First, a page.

5

When writing mathematics expression, I would like to remove the space around the symbol +.

For a simple expression a+b, I can do it by enclosing + like a{+}b. But it requires more labor work for complex expression like: a+b+c+d+e.

I would like to ask whether there is a programmable way so that I can define a macro fooplus:

\newcommand{\fooplus}[1]{do some thing here about +}

so that \fooplus{a+b+c+d+e} produces the same result likea{+}b{+}c{+}d{+}e?

Thanks for spending time to take a look at my question.

10
  • Possible. But the meaning will change. Do you really want that?
    – Johannes_B
    Feb 9, 2017 at 6:14
  • One option is to define \newcommand\p{{+}} and then write $a\p b\p c\p d\p e$.
    – user30471
    Feb 9, 2017 at 6:14
  • Are you using \fooplus inside math mode?
    – Werner
    Feb 9, 2017 at 6:22
  • One way would be by changing catcode of +. Make Characters Active via Macro in Math Mode should get you going. However, I would recommend you not do this. There is a reason why the binary spacing is different than the unary spacing. See the difference in $+5+7=12$. Feb 9, 2017 at 6:29
  • @Johannes_B: it will be very useful in my opinion since we can easily enclose or remove the command \fooplus.
    – Trung Ta
    Feb 9, 2017 at 6:44

2 Answers 2

6

For simple cases it's sufficient to change the math code of + (in a group):

\documentclass{article}

\newcommand\fooplus[1]{%
  \begingroup\mathcode`+=\numexpr\mathcode`+-"2000\relax
  #1
  \endgroup
}

\begin{document}
$\fooplus{a+b+c+d+e}\neq x+y$

$a+b+c+d+e\neq x+y$
\end{document}

Explanation. Since + should be a binary operation symbol, its mathcode is of the form "2abc, so subtracting "2000 we turn it into an ordinary symbol.

enter image description here

3
  • Thanks a lot! I tested and it works perfectly. For curiosity, I tried also to with the comma , and subtract "1500 but it didn't work, but also work with subtracting "1000. Do you know why it is so? (note that this is for the comma ,)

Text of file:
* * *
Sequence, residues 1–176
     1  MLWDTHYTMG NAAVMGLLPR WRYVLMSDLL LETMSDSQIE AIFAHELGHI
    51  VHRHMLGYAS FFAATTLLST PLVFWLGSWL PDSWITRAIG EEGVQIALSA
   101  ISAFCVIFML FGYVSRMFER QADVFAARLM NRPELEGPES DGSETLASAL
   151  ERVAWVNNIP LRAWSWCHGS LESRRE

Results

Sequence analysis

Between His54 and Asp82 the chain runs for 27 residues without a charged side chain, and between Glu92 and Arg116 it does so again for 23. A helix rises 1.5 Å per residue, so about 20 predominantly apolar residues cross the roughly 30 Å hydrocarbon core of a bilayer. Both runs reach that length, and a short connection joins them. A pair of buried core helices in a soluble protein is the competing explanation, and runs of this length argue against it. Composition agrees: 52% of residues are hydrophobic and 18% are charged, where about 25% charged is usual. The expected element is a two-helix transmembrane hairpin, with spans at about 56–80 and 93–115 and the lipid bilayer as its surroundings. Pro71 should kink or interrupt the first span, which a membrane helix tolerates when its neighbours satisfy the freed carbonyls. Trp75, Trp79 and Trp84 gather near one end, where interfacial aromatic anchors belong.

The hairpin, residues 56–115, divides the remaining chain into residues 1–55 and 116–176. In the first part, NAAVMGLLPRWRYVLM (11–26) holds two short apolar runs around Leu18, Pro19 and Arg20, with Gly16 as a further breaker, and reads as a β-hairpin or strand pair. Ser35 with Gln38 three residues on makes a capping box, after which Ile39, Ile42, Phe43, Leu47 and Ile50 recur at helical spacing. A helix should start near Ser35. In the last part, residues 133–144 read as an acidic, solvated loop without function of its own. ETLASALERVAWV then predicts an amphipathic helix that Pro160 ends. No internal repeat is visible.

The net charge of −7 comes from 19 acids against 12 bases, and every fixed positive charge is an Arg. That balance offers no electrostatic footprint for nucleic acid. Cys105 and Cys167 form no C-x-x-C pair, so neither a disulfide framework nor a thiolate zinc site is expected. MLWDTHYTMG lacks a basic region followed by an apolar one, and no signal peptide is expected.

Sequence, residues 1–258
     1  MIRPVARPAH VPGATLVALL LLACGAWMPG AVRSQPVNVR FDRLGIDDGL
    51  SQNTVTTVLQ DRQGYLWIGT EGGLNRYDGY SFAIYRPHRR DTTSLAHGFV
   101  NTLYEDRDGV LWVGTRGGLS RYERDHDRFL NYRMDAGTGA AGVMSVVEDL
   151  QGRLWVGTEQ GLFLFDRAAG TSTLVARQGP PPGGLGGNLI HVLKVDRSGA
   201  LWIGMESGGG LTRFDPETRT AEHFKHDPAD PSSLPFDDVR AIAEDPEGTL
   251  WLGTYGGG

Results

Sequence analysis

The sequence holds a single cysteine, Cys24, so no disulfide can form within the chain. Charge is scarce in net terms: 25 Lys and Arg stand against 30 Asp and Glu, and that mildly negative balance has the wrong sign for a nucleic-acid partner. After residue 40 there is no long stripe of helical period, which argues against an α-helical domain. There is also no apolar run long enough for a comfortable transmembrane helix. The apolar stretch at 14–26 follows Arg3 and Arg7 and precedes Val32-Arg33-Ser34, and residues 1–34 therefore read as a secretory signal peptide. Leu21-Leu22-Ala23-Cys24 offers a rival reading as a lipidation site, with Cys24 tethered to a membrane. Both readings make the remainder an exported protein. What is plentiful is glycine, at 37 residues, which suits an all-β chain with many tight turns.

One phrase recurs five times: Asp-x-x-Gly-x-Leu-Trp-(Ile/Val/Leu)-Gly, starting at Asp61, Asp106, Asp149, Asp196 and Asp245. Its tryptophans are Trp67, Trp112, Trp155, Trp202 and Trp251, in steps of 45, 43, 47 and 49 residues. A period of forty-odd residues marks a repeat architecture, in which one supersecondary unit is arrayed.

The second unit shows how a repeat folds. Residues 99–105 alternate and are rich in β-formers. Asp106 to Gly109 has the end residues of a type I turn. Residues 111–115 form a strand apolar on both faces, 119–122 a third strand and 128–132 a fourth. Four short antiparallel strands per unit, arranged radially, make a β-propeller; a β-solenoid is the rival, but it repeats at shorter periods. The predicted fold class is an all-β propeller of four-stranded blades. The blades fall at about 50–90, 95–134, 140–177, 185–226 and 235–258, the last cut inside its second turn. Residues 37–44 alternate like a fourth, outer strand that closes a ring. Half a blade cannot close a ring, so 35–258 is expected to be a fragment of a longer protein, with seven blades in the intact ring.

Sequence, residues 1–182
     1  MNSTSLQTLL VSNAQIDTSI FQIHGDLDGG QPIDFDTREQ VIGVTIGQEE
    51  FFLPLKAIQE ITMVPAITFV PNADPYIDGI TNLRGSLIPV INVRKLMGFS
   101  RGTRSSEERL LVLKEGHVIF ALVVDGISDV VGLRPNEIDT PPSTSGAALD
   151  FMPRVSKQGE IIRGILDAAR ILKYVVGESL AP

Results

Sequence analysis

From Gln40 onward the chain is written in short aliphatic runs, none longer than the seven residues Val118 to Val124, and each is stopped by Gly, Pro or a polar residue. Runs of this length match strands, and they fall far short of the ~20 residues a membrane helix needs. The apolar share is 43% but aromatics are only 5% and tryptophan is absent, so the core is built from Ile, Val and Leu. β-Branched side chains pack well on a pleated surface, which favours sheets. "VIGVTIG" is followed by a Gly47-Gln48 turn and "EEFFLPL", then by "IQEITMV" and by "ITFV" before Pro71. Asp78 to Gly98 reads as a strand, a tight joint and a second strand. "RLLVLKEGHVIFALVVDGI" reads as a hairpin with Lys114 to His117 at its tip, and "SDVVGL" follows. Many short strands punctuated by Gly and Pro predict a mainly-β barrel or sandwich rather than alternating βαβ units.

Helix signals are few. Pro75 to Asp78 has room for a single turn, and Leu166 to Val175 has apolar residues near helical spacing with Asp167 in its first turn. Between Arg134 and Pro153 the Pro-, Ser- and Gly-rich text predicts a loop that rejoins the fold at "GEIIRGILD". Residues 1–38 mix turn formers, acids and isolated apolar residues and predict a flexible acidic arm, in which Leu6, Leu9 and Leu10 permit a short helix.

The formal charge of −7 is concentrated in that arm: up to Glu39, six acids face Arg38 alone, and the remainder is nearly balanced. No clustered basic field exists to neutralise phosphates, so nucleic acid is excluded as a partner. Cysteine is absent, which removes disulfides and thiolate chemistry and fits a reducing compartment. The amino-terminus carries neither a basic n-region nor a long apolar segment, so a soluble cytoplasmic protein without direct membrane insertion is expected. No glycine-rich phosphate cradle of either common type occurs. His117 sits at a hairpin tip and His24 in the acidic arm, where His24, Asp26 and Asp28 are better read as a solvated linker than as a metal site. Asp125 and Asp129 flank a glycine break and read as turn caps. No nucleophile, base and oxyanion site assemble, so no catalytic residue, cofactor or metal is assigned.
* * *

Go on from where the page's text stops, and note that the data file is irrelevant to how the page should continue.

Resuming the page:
– Trung Ta
    Feb 9, 2017 at 10:05
  • 1
    @TrungTa The mathcode of the comma is "6abc; if you subtract "1500 you get a different symbol altogether; if you subtract "1000 you get a “closing delimiter”. Subtract "6000, instead.
    – egreg
    Feb 9, 2017 at 10:08
  • Thanks a lot! Now I understand. Previously, I misunderstood the number as a spacing metrics :-D
    – Trung Ta
    Feb 9, 2017 at 10:16
1

If you can use LuaLaTeX, it's not too much work to set up a Lua function that changes the status of + -- as well as -, *, and = -- to math-ordinary. (Lua provides powerful and flexible string handling functions.) The LaTeX macro \fooplus below simply invokes the Lua function.

enter image description here

% !TeX program = lualatex
\documentclass{article}
\usepackage{luacode} % for 'luacode' environment and '\luastring' macro
\begin{luacode}
function fooplus ( s )
  tex.sprint (( string.gsub ( s , "[%+%-%*%=]" , "{%0}" ) ))
end
\end{luacode}
\newcommand\fooplus[1]{\directlua{fooplus(\luastring{#1})}}

\begin{document}
$\fooplus{a+b+c+d+e=f-g*h}$

$a+b+c+d+e=f-g*h$
\end{document}
3
  • Thanks! This is very neat. I wonder why Latex cannot do the same thing?
    – Trung Ta
    Feb 9, 2017 at 9:57
  • @TrungTa - Actually, LuaLaTeX is a combination of the LaTeX format and the LuaTeX engine. LuaTeX provides, among other things, an interface -- via the \directlua "primitive" instruction -- to the Lua programming language. (Hence the name, I suppose.) I assume your comment refers to pdfLaTeX, which is a combination of the LaTeX format and the pdfTeX engine. pdfTeX is an older, well-established, and very robust engine, but it does lack some of the "goodies" of LuaTeX.
    – Mico
    Feb 9, 2017 at 10:22
  • Thank you for the explanation! Indeed, I'm using pdfLaTeX. I really like the programming style of LuaTeX and may try to use it soon.
    – Trung Ta
    Feb 10, 2017 at 8:38

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